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Johanna "Anne" Mansfield Sullivan Macy (1866 – 1936), also known as Annie Sullivan, was an American teacher best known as the instructor and companion of Helen Keller.[1]

Early lifeEdit

Sullivan was born on April 14, 1866 in Feeding Hills, Agawam, Massachusetts. In 1874 her mother, Alice, died, probably of tuberculosis;[2] after which Anne was sent to an almshouse, that today is Tewksbury Hospital in Tewksbury, Massachusetts. In 1880, Anne, who was nearly blind from untreated trachoma, was sent to the Perkins School for the Blind. Anne had a brother, Jimmie (James),[3]Template:Unreliable source born in 1869,[2] a sister Ellen born in 1867[2] and a sister, Mary.[citation needed]


Michael Anaganos, director of the Institute, then located in South Boston, was approached to suggest a teacher for the Keller's deafblind daughter. He asked Anne Sullivan, a former student, herself visually impaired and only 20 years old, to become Helen's instructor. It was the beginning of a 49-year relationship, Sullivan evolving into governess and then eventual companion.

Anne Sullivan arrived at Keller's house in March 1887, and immediately began to teach Helen to communicate by spelling words into her hand, beginning with "d-o-l-l" for the doll that she had brought Keller as a present. Keller was frustrated, at first, because she did not understand that every object had a word uniquely identifying it. In fact, when Sullivan was trying to teach Keller the word for "mug", Keller became so frustrated she broke the doll.[4] Keller's big breakthrough in communication came the next month, when she realized that the motions her teacher was making on the palm of her hand, while running cool water over her other hand, symbolized the idea of "water"; she then nearly exhausted Sullivan demanding the names of all the other familiar objects in her world.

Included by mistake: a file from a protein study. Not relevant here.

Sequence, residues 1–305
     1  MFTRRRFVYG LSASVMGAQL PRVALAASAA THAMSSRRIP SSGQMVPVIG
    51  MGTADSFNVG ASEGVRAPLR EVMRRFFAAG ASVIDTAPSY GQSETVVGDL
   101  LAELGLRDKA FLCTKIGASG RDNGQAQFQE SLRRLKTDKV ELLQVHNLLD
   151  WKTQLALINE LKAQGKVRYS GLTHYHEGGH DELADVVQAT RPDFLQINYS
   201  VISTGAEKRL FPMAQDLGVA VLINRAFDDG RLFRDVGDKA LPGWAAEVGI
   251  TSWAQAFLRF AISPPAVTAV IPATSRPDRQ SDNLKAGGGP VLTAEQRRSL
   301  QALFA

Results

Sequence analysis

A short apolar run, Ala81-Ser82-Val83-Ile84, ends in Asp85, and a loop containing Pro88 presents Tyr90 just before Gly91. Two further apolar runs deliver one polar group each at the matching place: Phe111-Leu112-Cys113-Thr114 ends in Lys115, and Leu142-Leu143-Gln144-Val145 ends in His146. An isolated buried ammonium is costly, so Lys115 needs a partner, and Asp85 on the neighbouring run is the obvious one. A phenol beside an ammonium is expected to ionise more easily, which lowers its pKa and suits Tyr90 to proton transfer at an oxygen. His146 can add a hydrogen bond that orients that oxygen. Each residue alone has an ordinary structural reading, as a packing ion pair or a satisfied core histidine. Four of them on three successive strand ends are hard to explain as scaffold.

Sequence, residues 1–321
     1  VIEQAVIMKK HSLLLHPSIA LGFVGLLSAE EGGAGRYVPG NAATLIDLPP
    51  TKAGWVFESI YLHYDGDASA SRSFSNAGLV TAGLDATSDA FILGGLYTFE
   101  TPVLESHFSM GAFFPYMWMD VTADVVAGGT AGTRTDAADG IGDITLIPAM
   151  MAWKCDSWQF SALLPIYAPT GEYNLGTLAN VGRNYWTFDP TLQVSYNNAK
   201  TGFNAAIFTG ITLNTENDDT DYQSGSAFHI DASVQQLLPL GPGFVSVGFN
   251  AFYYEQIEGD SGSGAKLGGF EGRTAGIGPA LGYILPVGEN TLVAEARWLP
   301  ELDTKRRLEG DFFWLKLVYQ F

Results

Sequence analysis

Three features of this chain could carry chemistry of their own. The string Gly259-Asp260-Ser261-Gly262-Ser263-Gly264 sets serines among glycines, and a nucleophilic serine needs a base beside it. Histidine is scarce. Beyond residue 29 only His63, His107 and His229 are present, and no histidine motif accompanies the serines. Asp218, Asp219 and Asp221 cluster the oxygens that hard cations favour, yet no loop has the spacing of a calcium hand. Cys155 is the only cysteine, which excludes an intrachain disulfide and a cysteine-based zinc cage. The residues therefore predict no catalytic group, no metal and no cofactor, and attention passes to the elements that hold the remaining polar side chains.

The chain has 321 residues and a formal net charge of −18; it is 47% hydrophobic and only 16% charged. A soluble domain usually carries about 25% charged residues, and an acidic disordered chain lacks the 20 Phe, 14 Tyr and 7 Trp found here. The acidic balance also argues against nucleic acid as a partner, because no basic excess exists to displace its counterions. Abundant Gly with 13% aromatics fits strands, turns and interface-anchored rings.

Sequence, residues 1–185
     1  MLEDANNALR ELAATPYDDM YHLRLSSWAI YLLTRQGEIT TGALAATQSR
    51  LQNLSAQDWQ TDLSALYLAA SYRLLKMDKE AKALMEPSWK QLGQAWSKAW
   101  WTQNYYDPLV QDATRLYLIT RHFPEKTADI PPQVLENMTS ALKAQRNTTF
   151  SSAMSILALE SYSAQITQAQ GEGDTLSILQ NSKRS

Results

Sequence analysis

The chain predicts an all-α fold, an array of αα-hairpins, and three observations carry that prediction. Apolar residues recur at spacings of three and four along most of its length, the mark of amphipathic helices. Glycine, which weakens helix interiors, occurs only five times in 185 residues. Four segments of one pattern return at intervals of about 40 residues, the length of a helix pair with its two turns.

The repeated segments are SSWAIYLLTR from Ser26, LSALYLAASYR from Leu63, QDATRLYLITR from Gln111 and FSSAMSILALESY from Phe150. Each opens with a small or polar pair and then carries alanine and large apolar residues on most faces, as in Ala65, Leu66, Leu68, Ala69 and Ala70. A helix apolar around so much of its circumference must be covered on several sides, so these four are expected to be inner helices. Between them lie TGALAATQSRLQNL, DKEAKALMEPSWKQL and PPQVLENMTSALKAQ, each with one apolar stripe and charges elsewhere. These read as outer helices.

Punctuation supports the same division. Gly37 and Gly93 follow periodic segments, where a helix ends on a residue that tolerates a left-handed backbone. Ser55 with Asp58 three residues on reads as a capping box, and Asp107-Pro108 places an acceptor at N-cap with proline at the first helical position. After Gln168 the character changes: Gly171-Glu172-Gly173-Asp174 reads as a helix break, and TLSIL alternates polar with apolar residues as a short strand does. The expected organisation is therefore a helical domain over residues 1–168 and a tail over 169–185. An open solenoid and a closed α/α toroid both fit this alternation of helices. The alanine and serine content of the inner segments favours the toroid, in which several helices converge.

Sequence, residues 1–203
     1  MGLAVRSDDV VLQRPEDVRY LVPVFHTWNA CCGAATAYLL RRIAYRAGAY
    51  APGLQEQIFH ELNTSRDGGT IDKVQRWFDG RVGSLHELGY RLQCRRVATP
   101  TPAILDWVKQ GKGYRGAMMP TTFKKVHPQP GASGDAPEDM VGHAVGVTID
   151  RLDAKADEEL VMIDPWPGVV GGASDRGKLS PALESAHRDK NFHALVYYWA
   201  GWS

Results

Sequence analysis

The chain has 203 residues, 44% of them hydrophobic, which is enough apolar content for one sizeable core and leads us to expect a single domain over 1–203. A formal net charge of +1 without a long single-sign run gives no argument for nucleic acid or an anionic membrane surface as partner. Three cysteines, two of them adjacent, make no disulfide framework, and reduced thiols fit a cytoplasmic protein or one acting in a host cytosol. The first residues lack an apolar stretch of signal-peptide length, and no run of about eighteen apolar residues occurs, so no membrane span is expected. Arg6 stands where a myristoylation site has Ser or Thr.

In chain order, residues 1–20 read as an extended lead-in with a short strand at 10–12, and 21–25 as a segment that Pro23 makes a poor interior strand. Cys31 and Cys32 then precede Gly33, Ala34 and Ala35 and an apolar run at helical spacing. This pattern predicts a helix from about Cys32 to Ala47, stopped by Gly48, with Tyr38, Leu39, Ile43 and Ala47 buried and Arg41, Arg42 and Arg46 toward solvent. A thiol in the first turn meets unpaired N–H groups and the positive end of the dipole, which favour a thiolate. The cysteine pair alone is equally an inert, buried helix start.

As lifelong companions Sullivan and Keller continually lived, worked, and traveled together.

Personal lifeEdit

File:Helen Keller with Anne Sullivan in July 1888.jpg

On May 3, 1905, Sullivan married a Harvard University instructor and literary critic, John Albert Macy (1877–1932), who had helped Keller with her publications. The three lived together. However, within a few years, their marriage began to disintegrate. By 1914 they had separated, though they never officially divorced. In the early years after their separation, John wrote and asked for money.

In the 1920 census, Helen Keller was 38 years old and listed as head of her household in the Queens, New York Census. Anne is listed as living with her, age 52, listed as a private teacher of Helen. John Macy is also listed as living with them (entered as a Lodger, writer/author, age 44). As the years progressed Macy appears to have faded from Sullivan's life. Sullivan never remarried.


In 1932 they were each awarded honorary fellowships from the Educational Institute of Scotland. They also were awarded honorary degrees from Temple University.[5]


By 1935, Sullivan became completely blind just one year before her death on October 20, 1936 in Forest Hills, New York City. She died after a coma at age 70, with Keller holding her hand.[6] When Keller herself died in 1968, her ashes were placed in the Washington National Cathedral next to Anne's.

Media representation Edit

Anne Sullivan is an integral character in The Miracle Worker, by William Gibson, originally produced for television, where she was portrayed by Teresa Wright.[7] The play then moved to Broadway, and was later produced as a 1962 feature film.

References Edit

  1. Herrmann, Dorothy. Helen Keller: A Life, Alfred A. Knopf, New York, 1998, p. 35. ISBN 0679443541
  2. 2.0 2.1 2.2 Nielsen, Kim E. (2009). Beyond the Miracle Worker: The Remarkable Life of Anne Sullivan Macy and Her Extraordinary Friendship with Helen Keller, 5,7, Beacon Press. "1874 death of Alice Sullivan. .. stories indicate she had tuberculosis"
  3. Anne Sullivan Macy Biography. URL accessed on 2 October 2010.
  4. Wilkie, Katherine E. Helen Keller: Handicapped Girl. Indianapolis, IN: Bobbs-Merrill
  5. Herrmann, p. 252–53
  6. Herrmann, p. 255.
  7. Teresa Wright (I) at The Internet Movie Database

Further readingEdit

External linksEdit

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